5 coolest gadgets of CES 2017


Well, the Consumer Electronics Show (CES) is over, and I have to say: It was incredible! More than once I had to stop and gather my wits as I considered the leaps and bounds that had been made in consumer technology. And on several occasions I had to stop and think about what exactly I was going to write for you, the devoted reader.

It was tough. Every exhibitor brought their “A game,” but some products simply stood up above the rest, and so I had to give them the coveted “A+” (an arbitrary grade that I have decided to use in order to convince you that the five coolest gadgets I saw at CES are in fact statistically better than others).

So, here are my five favorite products from CES 2017.

Read more: CES 2017: Clark shows you some of his favorite new tech!

1. Wearables

There were a number of incredible wearable pieces of tech at CES this year, and while I am traditionally opposed to these relatively limited pieces of hardware, what I saw had me questioning my resolve against them.

5 coolest gadgets out of CES 2017

Among the many sports and health monitors that crowded the show floors, there a few novel concepts that struck me as innovative and functional for everyday users.

One such product is Quantac’s intelligent drinking bracelet, which, you guessed it, monitors a user’s alcohol consumption through a sensor that tracks alcohol released through the skin (yes, apparently, alcohol is released through skin!).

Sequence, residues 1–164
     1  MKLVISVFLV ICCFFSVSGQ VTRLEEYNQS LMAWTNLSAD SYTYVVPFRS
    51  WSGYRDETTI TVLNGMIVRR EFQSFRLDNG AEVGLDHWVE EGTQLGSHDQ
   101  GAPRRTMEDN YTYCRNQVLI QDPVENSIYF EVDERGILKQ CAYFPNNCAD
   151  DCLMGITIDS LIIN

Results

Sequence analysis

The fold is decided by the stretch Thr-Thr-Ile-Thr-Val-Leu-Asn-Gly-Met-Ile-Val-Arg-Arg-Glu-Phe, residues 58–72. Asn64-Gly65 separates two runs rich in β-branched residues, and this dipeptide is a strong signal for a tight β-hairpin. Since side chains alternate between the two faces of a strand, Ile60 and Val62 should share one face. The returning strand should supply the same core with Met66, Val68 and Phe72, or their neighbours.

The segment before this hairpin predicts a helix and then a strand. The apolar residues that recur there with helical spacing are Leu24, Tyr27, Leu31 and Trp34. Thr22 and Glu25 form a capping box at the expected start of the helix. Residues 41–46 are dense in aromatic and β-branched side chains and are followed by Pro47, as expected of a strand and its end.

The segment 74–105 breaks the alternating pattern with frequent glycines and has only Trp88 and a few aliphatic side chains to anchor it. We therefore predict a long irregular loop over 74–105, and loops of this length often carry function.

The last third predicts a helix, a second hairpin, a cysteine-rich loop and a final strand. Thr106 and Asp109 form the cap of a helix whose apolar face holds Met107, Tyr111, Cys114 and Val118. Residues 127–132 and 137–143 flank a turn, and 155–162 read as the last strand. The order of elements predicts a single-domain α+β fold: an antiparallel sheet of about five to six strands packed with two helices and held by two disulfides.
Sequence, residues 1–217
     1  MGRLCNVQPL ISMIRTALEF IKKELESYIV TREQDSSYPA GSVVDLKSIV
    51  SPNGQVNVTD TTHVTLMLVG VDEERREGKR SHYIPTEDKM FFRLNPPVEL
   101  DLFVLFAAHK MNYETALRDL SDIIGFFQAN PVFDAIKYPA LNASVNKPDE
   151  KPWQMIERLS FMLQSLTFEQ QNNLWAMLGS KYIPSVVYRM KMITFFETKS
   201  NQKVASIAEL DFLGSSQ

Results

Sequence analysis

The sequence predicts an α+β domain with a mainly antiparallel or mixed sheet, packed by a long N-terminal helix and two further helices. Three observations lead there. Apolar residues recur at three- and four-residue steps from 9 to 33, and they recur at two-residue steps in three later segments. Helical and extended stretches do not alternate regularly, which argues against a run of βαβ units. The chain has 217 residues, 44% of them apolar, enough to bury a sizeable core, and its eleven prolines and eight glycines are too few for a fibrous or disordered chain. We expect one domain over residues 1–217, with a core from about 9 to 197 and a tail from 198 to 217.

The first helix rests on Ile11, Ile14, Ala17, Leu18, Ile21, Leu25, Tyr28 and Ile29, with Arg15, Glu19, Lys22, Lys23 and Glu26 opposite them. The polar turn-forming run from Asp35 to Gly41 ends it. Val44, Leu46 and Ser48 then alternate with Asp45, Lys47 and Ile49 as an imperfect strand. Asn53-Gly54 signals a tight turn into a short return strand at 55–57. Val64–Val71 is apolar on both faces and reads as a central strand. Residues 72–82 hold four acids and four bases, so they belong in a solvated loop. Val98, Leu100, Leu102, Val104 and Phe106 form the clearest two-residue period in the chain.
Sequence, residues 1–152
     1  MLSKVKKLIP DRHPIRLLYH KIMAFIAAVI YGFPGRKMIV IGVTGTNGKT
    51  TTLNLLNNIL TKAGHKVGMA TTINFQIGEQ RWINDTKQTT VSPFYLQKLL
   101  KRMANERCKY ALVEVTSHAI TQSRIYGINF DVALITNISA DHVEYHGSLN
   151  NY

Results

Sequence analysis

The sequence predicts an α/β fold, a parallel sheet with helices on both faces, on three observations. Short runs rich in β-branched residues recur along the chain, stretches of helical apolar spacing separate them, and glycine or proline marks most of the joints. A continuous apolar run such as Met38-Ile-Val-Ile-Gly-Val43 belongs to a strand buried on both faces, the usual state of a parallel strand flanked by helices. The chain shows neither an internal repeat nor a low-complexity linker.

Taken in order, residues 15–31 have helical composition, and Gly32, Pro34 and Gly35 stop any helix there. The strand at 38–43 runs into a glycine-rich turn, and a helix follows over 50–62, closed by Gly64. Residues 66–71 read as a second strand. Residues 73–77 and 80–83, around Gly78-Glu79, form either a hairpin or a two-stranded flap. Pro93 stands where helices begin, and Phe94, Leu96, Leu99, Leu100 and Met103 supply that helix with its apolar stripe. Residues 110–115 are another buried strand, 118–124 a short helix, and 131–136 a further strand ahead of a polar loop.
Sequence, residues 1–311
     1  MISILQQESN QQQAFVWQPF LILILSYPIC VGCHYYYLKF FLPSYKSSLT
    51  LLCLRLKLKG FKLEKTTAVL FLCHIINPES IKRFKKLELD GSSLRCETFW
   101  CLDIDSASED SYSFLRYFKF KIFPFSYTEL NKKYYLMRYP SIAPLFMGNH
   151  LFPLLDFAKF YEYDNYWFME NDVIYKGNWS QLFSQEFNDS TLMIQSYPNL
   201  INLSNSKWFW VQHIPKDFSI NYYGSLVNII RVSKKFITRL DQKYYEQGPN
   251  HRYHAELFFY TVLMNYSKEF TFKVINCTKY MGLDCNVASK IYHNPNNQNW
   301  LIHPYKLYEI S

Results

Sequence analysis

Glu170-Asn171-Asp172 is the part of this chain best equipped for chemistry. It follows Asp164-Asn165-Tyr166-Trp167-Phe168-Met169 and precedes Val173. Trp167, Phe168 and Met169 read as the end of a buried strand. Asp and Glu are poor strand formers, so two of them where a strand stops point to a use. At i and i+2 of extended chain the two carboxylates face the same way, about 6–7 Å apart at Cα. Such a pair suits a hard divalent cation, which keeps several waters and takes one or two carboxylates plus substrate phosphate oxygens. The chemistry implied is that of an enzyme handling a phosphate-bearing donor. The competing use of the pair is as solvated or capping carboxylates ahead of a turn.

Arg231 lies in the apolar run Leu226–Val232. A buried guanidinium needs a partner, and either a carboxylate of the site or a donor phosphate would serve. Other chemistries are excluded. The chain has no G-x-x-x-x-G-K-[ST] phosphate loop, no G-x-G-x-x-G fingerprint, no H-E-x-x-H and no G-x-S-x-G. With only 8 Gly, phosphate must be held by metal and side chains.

The bracelet (pictured here) syncs with smartphone devices, and provides continuous readings on alcohol levels through a simple-to-read graph which displays alcohol level, as well as beverage count.

Another awesome wearable is Tapdo’s “ingenious button.” Worn as a bracelet, the button ties commands to various parts of a user’s fingers, and when pressed initiates the command. The button can be paired with a variety of devices including sound systems, apps, televisions, etc; and incorporates all four fingers and thumb. Each finger is allotted three functions and the thumb one. The functions can be changed on the fly through the smartphone app companion.


2. Robots

As I mentioned in my CES Day Two report, robots were a huge part of the convention this year. Almost every market was trying to figure out how to squeeze a robot in somewhere, even when it came to laundry. From companions for children to hospitality-focused sales assistants, CES showed how robots could be developed for a variety of tasks both practical and lavish.